عنوان مقاله [English]
Introduction Pepino (SolanummuricatumAit.), a Solanaceous vegetable fruit has been recently introduced to Iran markets. Organic farming is currently the fastest growing agricultural sector worldwide. Although several investigations are available on chemical fertilization of pepino, the knowledge of organic fertilization ismostly lacking. Therefore, at the beginning of introducing pepino plant to Iranian farmers it worth to evaluate the impact of organic fertilization on the productivity, profitability, acceptability and sustainability of farming systemsto this plant. High chemical fertilization of pepinoincreases the vegetative growth over the generative and fruit production. The aim of this investigation was to introduce the possibility of organic production of pepino.
Materials and Methods.A two-year experiment was carried out to assess the possibility of organic production of pepino using organic fertilizers. Humistar® organic fertilizer (containing 8.6% humic acid) at 50 L/ha and sheep or cow manure teas at 1:10 and 1:5 ratios were used for production of pepino cv. Kanseola to evaluate their effects on the physiology of reproductive stage and some fruit quality characteristics. The experiments were arranged as factorial in a randomized complete block design comprised of 3 replications, each of which 10 plants. Mother plants were obtained from Mashhad Ferdowsi University and incubated in a greenhouse (mean temperature of 25 °C and 60-70% relative humidity) for 1 month to proliferate. Cuttings with 2-3 leaves at the top, 3-5 healthy buds and 20 cm length were rooted for 14 days in a rooting media, ( 1:1:2 of field soil, composted leaf and perlite), respectively. Plants were transplanted into the field in 100 × 75 cm spacing after the danger of frost was over. Treatments consisted of two levels of 1:5 and 1:10 (w:w) cow or sheep manure teas in combination with two levels of Humistar® organic fertilizer as 0 and 50L/ha levels. Control plants received no manure teas and organic fertilizer. Treatments were applied as drenching2 weeks after transplantation in a weekly manner for 10 weeks. Plant characteristics including number of days from transplanting to first flowering, flower number in truss, fruit set percentage, number of days from transplanting to the first harvestable fruit were recorded. Fruit quality indices including fruit fresh weight, fruit dry matter percentage, total soluble solids (TSS), fruit total phenolic contents and ascorbic acid content were measured at harvest time.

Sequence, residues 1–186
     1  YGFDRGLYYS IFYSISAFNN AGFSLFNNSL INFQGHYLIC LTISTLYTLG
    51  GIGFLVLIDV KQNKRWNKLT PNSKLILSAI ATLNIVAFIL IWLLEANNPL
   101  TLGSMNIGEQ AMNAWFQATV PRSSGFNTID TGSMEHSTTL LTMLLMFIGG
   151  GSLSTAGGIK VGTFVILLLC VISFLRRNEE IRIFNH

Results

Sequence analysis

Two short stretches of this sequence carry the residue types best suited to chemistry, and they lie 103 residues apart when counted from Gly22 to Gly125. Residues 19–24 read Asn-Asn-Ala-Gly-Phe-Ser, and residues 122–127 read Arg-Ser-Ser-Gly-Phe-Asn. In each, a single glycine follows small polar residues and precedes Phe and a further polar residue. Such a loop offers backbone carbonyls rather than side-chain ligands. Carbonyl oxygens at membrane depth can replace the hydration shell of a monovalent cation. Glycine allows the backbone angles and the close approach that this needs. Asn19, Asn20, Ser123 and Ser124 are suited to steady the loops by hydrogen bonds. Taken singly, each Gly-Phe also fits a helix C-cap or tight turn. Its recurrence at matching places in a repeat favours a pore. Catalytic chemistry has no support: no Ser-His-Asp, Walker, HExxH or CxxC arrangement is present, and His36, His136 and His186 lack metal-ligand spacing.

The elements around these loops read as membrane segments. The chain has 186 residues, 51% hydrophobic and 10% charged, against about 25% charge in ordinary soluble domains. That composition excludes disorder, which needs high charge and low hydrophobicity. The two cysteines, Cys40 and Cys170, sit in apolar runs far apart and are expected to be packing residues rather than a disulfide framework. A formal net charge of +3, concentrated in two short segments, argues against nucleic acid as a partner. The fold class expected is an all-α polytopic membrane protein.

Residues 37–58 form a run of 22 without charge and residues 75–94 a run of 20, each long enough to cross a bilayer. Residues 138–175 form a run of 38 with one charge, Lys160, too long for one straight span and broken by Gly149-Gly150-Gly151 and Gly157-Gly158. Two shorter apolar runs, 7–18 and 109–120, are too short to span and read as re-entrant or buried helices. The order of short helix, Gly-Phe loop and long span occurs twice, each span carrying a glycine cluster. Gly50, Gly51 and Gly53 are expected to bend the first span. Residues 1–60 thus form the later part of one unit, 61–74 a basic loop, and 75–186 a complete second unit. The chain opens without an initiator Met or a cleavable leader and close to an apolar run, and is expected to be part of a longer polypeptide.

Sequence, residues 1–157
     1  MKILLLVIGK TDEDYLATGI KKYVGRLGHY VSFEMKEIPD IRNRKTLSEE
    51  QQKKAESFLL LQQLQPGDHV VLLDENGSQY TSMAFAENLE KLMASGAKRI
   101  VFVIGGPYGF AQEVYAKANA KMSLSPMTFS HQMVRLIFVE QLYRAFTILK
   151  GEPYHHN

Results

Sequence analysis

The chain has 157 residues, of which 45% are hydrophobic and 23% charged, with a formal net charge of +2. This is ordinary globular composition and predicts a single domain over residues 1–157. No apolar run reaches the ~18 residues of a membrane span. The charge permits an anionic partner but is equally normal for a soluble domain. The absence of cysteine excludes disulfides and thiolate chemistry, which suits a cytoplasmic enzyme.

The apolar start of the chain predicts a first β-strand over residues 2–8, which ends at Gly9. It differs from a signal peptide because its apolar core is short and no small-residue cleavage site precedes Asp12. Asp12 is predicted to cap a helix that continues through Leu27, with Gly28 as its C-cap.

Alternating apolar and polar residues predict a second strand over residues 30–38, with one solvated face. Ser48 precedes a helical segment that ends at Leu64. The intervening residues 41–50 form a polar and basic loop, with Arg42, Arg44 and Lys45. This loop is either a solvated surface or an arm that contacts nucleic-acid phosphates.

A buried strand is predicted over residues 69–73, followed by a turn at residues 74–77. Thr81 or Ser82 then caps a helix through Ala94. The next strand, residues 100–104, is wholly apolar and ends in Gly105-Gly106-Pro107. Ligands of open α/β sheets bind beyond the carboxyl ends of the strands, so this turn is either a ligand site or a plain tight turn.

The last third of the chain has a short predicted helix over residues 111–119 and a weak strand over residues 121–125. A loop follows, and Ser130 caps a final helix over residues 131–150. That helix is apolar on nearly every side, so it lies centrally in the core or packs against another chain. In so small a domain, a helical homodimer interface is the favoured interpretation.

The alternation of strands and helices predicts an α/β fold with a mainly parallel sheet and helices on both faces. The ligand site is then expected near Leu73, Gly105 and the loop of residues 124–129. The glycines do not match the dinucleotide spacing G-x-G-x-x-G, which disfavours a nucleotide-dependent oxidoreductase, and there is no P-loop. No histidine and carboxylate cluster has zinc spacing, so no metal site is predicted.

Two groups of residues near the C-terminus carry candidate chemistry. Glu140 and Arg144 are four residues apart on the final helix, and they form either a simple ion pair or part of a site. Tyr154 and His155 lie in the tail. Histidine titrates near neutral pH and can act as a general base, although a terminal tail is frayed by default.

Results and Discussions The seasonal effect on all traits was not significant. All studied traits were affected by combination of manure teas andhumic acid except fruit total soluble solid. Cow manure tea at 1:5 v/v caused plants to fail growth in both years. The sole application of manure tea did not significantly affect the number of flowers per truss but humic acid alone or in combination with manure tea showed similar increasing trend in flower number. Application of sheep manure tea at 1:10 v/v caused the greatest total soluble solid content in fruits (up to 6.9 °Brix) as was 45% greater than control and cow manure tea treatment. The effect of humic acid on the number of days from planting to the first flower formationwas not significant. Sheep manure tea at 1:10 (v/v) level when combined with humic acid lead to the least required days preceding the first flower formation (9 days earlier flowering). The same treatment leads to the highest fruit dry matter percent (as about 8.1%) which was 10 times greater than control plants. The sole application of humic acid led to the greatest fruit set percentage as of 60% (2 fold above control). The same treatment caused 17 days earlier crop (53 days for fruit ripening versus 70 days in control plants. The greatest total phenolic content (56.1 mg gallic acid per 100 g fresh fruit over 50% greater than control plants) was obtained with sole humic acid application. This treatment leads to the greatest fruit ascorbic acid content asabout 15.62 mg/100g fw (over 57% greater than control plants).
ConclusionTo obtain the preferred fruit quality for industry or fresh use, different combinations of humic acid, cow and sheep manure teas should be considered. Briefly, sole application of humic acid would affect fruitset percentage, earliness, fruit total phenolic content and vitamin C. Manure tea affect fruit total soluble solid content, while in combination with humic acid would affect flowering and fruit dry matter content.